After new ideas are piloted and tested, and choices made regarding a new business model, the fourth phase is to reorganize the business model. Lewin called this step freeze or refreeze, and it involves making changes related to organizational design, leadership, management control and governance systems. The purpose is to rebuild the organization in a way that facilitates and supports the new business model and to make sure that the changes made are lasting and that the company does not revert to business as usual as soon as the enthusiasm for novelty fades. The insights from the three-dimensionality chapter in the second part of the book are particularly important and applicable in this phase.

2 Why the Business Model RESTARTer?

You might ask why we need a process model in addition to the RESTART framework. In the second part of the book, we discussed the seven components in RESTART. It is, however, not necessarily fruitful to follow R-E-S-T-A-R-T to the letter, starting the process with redesign and ending with three-dimensionality. It goes without saying that the first step of a sustainable business model innovation is not to redesign the business model. Such a redesign should definitely be the aim of the process, but successful redesign requires using input from the other six components in RESTART in order to understand how to create, deliver and capture value in new ways.

One could even argue that a better way to achieve a RESTART is to reverse the sequence of the letters, that is, perform a TRATSER rather than a RESTART. Following TRATSER to the letter would involve beginning the process with taking three-dimensionality seriously in order to define the new objectives and goals of the company, considering the financial, environmental and social dimensions. In turn, the process could continue with aiming for the right results by assessing stakeholders and materiality and thereby identifying how to become both sustainable and profitable by addressing mechanisms for increasing revenues and reputation and/or reducing costs and risk. Next, the analyses would continue based on insights related to how alliances, perspectives from the circular economy and service-logic could inform the prototype of a new business model. This new business model could be tested using insights on experimentation. Finally, based on these analyses, the company would be ready for a redesign of its business model.

3 Starting the RESTART

Our experience is that wise managers are able to jump back and forth in business model innovation processes and can thus use the different parts of the framework at different times depending on what kinds of problems they need to understand and solve. Companies will typically have different starting points for a RESTART, and as we discussed in the second part of the book, there are different pull and push factors that can drive a sustainable business model innovation process (see Table 10.1 in Chap. 10 on Results rather than indulgences).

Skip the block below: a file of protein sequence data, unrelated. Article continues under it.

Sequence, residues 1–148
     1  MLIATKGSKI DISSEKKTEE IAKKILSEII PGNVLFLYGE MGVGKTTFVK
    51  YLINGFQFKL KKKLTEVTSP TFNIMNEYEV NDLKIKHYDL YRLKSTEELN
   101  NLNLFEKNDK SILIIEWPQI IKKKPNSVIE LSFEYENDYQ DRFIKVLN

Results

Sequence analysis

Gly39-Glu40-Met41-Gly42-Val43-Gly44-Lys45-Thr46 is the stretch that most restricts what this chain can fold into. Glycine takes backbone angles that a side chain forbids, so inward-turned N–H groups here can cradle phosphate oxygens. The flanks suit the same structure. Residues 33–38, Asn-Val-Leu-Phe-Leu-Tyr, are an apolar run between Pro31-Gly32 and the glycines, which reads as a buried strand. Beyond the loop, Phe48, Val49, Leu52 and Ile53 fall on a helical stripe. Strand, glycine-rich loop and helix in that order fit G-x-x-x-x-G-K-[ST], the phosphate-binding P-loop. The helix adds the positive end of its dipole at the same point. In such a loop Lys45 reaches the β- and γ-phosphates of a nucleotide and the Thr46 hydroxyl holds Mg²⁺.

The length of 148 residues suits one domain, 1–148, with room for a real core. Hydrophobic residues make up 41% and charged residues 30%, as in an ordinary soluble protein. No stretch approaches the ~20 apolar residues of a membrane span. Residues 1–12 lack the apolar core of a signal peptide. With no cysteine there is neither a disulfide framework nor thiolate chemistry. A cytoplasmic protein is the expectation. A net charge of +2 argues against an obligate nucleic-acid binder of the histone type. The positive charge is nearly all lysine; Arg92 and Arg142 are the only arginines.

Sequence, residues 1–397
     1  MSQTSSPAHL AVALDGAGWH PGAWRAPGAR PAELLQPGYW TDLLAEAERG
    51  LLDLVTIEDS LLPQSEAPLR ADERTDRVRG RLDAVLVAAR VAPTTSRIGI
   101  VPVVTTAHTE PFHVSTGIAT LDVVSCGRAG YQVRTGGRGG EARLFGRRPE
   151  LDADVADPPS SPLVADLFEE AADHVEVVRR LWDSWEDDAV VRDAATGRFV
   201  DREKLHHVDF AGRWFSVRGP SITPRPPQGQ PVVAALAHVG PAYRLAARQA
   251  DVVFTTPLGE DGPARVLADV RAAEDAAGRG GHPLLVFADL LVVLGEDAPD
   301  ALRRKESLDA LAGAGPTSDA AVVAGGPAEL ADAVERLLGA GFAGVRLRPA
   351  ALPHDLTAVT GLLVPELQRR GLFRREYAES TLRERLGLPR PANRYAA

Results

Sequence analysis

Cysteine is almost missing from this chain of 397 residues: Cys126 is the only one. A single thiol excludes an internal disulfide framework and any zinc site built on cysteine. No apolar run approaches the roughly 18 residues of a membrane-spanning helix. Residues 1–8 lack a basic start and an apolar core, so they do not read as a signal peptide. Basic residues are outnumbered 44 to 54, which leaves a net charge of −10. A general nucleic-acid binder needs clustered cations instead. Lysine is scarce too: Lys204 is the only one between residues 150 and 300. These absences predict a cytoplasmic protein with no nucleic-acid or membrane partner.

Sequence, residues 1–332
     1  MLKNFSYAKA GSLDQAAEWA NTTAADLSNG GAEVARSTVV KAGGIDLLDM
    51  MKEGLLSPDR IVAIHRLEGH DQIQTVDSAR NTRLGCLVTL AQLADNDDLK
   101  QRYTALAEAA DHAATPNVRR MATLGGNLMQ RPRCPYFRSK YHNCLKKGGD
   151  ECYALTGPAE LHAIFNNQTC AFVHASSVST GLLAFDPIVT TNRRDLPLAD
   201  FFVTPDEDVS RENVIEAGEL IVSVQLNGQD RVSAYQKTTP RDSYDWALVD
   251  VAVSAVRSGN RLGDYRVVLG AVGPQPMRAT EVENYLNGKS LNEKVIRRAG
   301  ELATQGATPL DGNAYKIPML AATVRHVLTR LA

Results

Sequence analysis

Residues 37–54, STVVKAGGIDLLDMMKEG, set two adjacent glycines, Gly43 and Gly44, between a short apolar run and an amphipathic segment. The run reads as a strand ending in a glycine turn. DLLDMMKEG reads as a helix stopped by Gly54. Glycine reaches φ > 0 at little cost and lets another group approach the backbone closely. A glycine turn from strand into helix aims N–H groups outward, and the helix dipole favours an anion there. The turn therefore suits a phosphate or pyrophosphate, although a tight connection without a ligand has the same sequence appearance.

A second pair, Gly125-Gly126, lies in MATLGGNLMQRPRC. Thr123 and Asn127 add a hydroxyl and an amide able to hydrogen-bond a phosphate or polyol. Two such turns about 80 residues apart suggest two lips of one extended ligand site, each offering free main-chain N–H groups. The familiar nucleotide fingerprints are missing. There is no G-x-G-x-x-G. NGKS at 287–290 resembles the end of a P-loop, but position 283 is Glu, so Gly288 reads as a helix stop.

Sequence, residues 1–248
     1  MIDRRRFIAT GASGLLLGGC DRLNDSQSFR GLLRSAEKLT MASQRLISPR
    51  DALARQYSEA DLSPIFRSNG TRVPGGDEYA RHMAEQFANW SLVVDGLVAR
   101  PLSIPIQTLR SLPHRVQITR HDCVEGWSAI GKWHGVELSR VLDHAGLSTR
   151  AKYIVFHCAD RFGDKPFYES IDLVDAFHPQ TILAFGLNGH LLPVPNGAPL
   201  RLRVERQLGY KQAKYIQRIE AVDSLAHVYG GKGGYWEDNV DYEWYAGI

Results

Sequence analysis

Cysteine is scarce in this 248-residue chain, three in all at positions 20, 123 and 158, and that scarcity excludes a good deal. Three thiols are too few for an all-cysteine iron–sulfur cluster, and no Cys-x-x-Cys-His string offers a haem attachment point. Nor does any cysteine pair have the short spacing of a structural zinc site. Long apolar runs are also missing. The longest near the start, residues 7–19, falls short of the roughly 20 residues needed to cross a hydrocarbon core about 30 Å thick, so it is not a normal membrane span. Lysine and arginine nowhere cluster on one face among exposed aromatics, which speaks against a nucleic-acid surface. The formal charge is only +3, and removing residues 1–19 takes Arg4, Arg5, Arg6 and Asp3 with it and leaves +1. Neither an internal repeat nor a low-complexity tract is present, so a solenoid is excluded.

One starting point for a company can be that it needs to become more circular due to new regulations or motivated by the possibility to reduce cost. If so, the discussions and analysis often start with understanding what a circular business model is, what embracing such a model would imply for the company, with which partners the company would need to collaborate or how it can use insights from service-logic to turn its products into services. Another starting point can be that the company’s board or its investors demand materiality assessments, risk assessments or new KPIs that reflect the sustainability performance of the company. Increasingly, we see that such pressures meet managers in companies across all industries. The outcome of a materiality assessment might be that the managers understand that they need to redesign the company’s business model to address stakeholder expectations, while new KPIs might similarly lead to a redesign of how the company delivers and captures value.

Other starting points for a RESTART can be new technologies, competition from new players in the market, new regulations, price increases or increased supply risks for important resources, and so on. Whatever the motivation for a sustainable business model might be, we propose that managers need to understand their current business model and the threats and opportunities related to it, which is the point of departure for how it can be changed in ways that improve both sustainability performance and business performance more broadly. The Business Model RESTARTer can be used as a way to structure such an innovation process, asking the right kinds of questions in pursuit of the right answers.

Visit our website for more tips, videos and materials to use—either as a facilitator of a RESTART in your own company, as a consultant for others, as an entrepreneur mapping out existing business models in the market or a fellow researcher like us who needs a toolbox for working with companies in order to carve out researchable hypotheses that can be tested empirically. We will discuss such research projects in the following chapters, starting with a general discussion of avenues for future research, before we dig deeper into two business cases based on the RESTART framework.